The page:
On average, American adults consume 1.1 L (1138 mL) of water as a beverage per day. Older adults (≥71 years) consume less water than younger adults. Generally, men and women consume comparable amounts of water as a beverage. Overall, adults consume 644 mL/d of tap water (about 56% of total water consumed as a beverage) and 502 mL/d of bottled water (44%). Among adults aged 20–50 years, 83% of total water is from beverages, including 37% from plain water, and 17% from moisture in foods. For this age group, soda is an important source of dietary water, accounting for 13% of total water. Coffee and alcohol respectively provide 8.5% and 8% of total water. Among adults aged 51–70 years, 82% of total water comes from beverages, including 32% from plain water, and 18% from moisture in foods. For this age group, soda provides 10% of total water, whereas coffee provides 16% and tea another 9%. Alcohol provides 5% of total water. Among adults aged ≥71 years, 76.0% of total water comes from beverages, including 30% from plain water. In addition, 27% of water comes from moisture in foods. For this age group, soda provides 6% of total water, whereas coffee provides 18% and tea another 7%. Alcohol provides only 2% of total water for this age group. Women aged ≤70 years exceed the Adequate Intake (AI) value, whereas women aged ≥71 years have a shortfall of approximately 603 mL/d. Among adults aged 20–50 years, 40.6% of women fail to meet the Institute of Medicine AI value for total water (3700 mL for men and 2700 mL for women). For adults aged 51–70 years, 44.9% of women fail to meet the AI value for total water. For adults aged ≥71 years, 94.7% of men and 82.6% of women fail to meet the AI value for water [37].
The proposed mechanism for the role of water intake in reducing the risk for colon cancer is through decreasing the gastrointestinal transit time resulting in constipation [38,39]. Constipation may result in slowing the evacuation of potential carcinogens. The study by Maruti et al. showed a tendency towards fewer bowel movements in subjects with breast cancer [40]. The potential mechanism for the protective role of water intake for breast cancer may also be explained by the frequency of bowel motility, similar to the case of colon cancer. It has been shown in previous studies that high levels of estrogen are associated with a higher risk for breast cancer. Chronic constipation is described as fewer bowel movements leading to a decrease of the gastrointestinal transit time with less evacuation of the stool. The less evacuation occurs, the less is the excretion of estrogen too, resulting in higher serum estrogen levels causing stimulation to the growth and division of epithelial breast cells, and by that increasing the risk for breast cancer [40,41,42].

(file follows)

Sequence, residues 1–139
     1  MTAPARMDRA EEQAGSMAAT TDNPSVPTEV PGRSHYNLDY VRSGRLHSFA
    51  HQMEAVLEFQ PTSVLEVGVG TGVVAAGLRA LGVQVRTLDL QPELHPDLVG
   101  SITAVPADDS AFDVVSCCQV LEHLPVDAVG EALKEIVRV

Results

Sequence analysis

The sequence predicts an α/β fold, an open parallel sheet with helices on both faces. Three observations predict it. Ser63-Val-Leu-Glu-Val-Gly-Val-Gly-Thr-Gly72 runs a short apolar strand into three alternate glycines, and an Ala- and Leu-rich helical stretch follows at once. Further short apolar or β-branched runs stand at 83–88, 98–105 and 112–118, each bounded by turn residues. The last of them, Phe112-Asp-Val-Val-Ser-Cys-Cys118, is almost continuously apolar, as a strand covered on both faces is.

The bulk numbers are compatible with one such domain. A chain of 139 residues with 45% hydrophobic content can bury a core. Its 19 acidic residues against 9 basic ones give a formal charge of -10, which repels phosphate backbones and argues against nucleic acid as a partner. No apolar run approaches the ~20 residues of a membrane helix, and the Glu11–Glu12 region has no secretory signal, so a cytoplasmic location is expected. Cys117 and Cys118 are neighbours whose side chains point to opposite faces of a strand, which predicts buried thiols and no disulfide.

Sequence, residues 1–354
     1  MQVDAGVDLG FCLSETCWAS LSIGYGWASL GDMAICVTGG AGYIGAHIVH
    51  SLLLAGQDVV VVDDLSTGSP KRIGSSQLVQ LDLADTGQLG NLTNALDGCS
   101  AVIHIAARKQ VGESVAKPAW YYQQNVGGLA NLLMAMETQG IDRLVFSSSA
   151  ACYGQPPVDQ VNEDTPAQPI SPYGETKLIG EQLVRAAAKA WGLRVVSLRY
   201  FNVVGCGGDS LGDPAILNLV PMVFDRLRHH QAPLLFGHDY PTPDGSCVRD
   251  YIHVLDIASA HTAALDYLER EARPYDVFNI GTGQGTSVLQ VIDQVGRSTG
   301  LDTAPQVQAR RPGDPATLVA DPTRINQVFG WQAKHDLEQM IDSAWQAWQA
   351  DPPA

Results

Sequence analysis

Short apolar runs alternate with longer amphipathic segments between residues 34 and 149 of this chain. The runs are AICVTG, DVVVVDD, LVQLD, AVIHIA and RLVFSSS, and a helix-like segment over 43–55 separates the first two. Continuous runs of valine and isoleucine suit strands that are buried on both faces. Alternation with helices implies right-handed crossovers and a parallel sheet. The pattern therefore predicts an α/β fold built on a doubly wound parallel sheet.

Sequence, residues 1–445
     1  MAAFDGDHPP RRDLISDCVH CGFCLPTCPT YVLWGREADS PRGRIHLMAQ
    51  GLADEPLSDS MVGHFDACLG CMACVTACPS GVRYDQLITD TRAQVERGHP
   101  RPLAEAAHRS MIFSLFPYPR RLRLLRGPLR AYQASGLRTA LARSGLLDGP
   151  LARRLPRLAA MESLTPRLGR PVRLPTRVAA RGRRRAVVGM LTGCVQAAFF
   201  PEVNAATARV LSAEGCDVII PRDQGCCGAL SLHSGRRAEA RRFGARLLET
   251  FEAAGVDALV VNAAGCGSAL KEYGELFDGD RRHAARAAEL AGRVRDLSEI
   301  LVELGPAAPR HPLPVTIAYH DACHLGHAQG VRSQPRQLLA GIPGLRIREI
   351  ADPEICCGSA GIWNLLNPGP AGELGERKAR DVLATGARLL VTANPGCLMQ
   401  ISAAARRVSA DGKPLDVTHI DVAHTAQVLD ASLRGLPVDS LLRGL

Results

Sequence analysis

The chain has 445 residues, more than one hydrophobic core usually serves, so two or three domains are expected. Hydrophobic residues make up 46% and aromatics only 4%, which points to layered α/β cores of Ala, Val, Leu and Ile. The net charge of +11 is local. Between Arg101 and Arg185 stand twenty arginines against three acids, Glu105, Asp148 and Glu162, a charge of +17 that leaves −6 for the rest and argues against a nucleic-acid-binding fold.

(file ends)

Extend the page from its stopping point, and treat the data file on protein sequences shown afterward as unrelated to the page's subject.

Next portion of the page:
Micozzi et al. showed that among 7702 American women, of whom 123 had breast cancer, fewer bowel movements and hard stools were associated with a higher risk for breast cancer [43]. Additionally, cell hydration has been proposed as a primary factor in the mechanism of carcinogenesis. Increased cell hydration causes cancer not only by promoting cell division and oncogene expression, but also by inactivating genes inducing cell differentiation, and by preventing apoptosis. Conversely, factors that reduce cell hydration prevent cancer by inhibiting cell division and oncogene expression, while activating genes inducing cell differentiation, and by promoting apoptosis [44].